School of Humanities

Being human is an amazing journey

The study of humanities equips you to ask and answer the big questions, challenging you to explore where we came from, who we are and where we’re going.

Human experience is made meaningful through culture, language, literature, history and philosophy. Enrich your whole life by gaining a deep understanding of these threads that tie us all together.

Exploring the humanities provides you with the skills to power lifelong career success in any field, with enduring skills in critical thinking, communicating and influencing.

Our disciplines

Classics and Ancient History

This covers the study of Latin and Ancient Greek, as well as the literature, history, art and archaeology of these ancient civilisations, and their contributions to the modern world.

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English and Literary Studies

Studying English and Literary Studies enriches our understanding of major literary, cinematic and theatrical traditions across the globe.

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European Languages and Cultures

We study languages and cultures of Europe: French, German, Italian and Spanish, and look at social and cultural aspects of contemporary Europe.

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Environmental Humanities

Understanding the human dimensions of environmental crisis.

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History is the study of the past and its legacies in the present.

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Philosophy involves thinking about some of the big questions we ask in our lifetime.

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Translation Studies

Translation Studies explores a multitude of areas including cognitive translation studies, machine translation and cultural translation studies.

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Gender Studies

Gender is an everyday and embodied experience that shapes our public and private lives.

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Become a bilingual citizen of the world at the largest language hub in WA

With four European, four Asian and two Classical languages on offer, UWA is the leading institution in WA for language learning.
Immerse yourself in another language. Learn to see the world in a new way. Move between cultures with ease.

Access UWA Language Hub

Welcome from the Head of School Alexandra Ludewig

Hear about our courses


Bachelor of Human Rights

The Bachelor of Human Rights is a unique, interdisciplinary program of study that equips you with the knowledge and skills necessary to engage with real-world issues in human rights. Hear about hands-on learning, practical experience and what you can expect to prepare you for a career in a range of areas.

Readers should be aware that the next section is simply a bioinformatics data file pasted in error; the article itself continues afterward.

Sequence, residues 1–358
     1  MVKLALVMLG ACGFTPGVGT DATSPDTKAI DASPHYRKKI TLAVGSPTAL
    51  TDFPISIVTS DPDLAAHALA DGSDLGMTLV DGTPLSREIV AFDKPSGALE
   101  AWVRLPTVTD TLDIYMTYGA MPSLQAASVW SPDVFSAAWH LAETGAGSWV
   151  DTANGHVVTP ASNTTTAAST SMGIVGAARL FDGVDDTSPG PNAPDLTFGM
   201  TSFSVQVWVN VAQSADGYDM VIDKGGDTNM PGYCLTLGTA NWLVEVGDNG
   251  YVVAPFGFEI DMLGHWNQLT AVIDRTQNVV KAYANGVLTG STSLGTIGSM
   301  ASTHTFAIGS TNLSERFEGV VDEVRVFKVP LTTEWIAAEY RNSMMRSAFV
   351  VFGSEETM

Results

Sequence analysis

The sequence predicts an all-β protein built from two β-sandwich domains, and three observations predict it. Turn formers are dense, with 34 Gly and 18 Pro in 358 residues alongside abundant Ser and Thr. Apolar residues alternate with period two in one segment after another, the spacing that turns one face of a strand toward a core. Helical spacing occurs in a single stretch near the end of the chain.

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Bachelor of Modern Languages

The Bachelor of Modern Languages enables students with a particular interest in world languages and cultures to study two languages in depth. Choose from Chinese, French, German, Indonesian, Italian, Japanese, Korean, and Spanish. 

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Our courses 

Award-winning teaching

Our staff are consistently acknowledged as the best teachers at UWA. Our award-winning lecturers have been recognised, both nationally and at UWA in the Student Guild’s Student Choice Awards, for their innovative approaches to teaching and supervision. This is backed by membership of some of the world’s most learned academies and a host of international honours.


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June Scholar of the month

Chris Letheby is a philosopher of mind and cognitive science with a long-standing interest in the nature and significance of mystical and spiritual experience. His research to date has focused mainly on a single, endlessly fascinating case study: transformative experiences induced by psychedelic drugs.

Chris teaches a range of units at UWA, from formal logic and first-year “intro to philosophy” to philosophy of mind and philosophy of artificial intelligence.

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Chris Letheby

May Scholar of the month

Kate Averis has joined UWA recently as Lecturer in European Languages after having taught at universities in the UK, France and Colombia.

Kate's research spans Spanish and French studies, literary studies and gender studies. She researches literary texts written in and between Spanish, French and English that disrupt conventional understandings of regional and national literary systems by disturbing the monolingual pact between language, nation and culture. Kate studies these effects in contemporary women’s writing, which provides a particularly rich terrain for observing the disruptive crossing of boundaries, whether linguistic, literary, spatial, social, gendered, racialised, or other.

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Kate Averis

Centres and Journals 



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UWA Arts Building, Hackett Entrance No 1

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Weekdays 8.00am to 4.00pm